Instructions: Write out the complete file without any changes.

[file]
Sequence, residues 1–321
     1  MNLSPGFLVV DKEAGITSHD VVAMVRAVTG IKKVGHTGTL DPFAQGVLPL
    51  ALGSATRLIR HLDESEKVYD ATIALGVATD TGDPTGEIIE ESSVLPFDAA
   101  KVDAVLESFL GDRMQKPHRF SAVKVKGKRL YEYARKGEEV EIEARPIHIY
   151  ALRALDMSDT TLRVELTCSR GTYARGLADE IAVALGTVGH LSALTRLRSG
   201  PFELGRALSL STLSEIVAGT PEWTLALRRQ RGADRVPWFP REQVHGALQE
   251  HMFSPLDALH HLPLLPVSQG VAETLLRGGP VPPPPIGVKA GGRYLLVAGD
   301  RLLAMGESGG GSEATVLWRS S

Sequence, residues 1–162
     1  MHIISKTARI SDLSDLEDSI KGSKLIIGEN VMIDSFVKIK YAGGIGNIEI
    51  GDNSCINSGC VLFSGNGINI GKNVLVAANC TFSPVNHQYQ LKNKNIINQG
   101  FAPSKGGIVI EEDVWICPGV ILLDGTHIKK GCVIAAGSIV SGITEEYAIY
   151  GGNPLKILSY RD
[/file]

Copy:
Sequence, residues 1–321
     1  MNLSPGFLVV DKEAGITSHD VVAMVRAVTG IKKVGHTGTL DPFAQGVLPL
    51  ALGSATRLIR HLDESEKVYD ATIALGVATD TGDPTGEIIE ESSVLPFDAA
   101  KVDAVLESFL GDRMQKPHRF SAVKVKGKRL YEYARKGEEV EIEARPIHIY
   151  ALRALDMSDT TLRVELTCSR GTYARGLADE IAVALGTVGH LSALTRLRSG
   201  PFELGRALSL STLSEIVAGT PEWTLALRRQ RGADRVPWFP REQVHGALQE
   251  HMFSPLDALH HLPLLPVSQG VAETLLRGGP VPPPPIGVKA GGRYLLVAGD
   301  RLLAMGESGG GSEATVLWRS S

Sequence, residues 1–162
     1  MHIISKTARI SDLSDLEDSI KGSKLIIGEN VMIDSFVKIK YAGGIGNIEI
    51  GDNSCINSGC VLFSGNGINI GKNVLVAANC TFSPVNHQYQ LKNKNIINQG
   101  FAPSKGGIVI EEDVWICPGV ILLDGTHIKK GCVIAAGSIV SGITEEYAIY
   151  GGNPLKILSY RD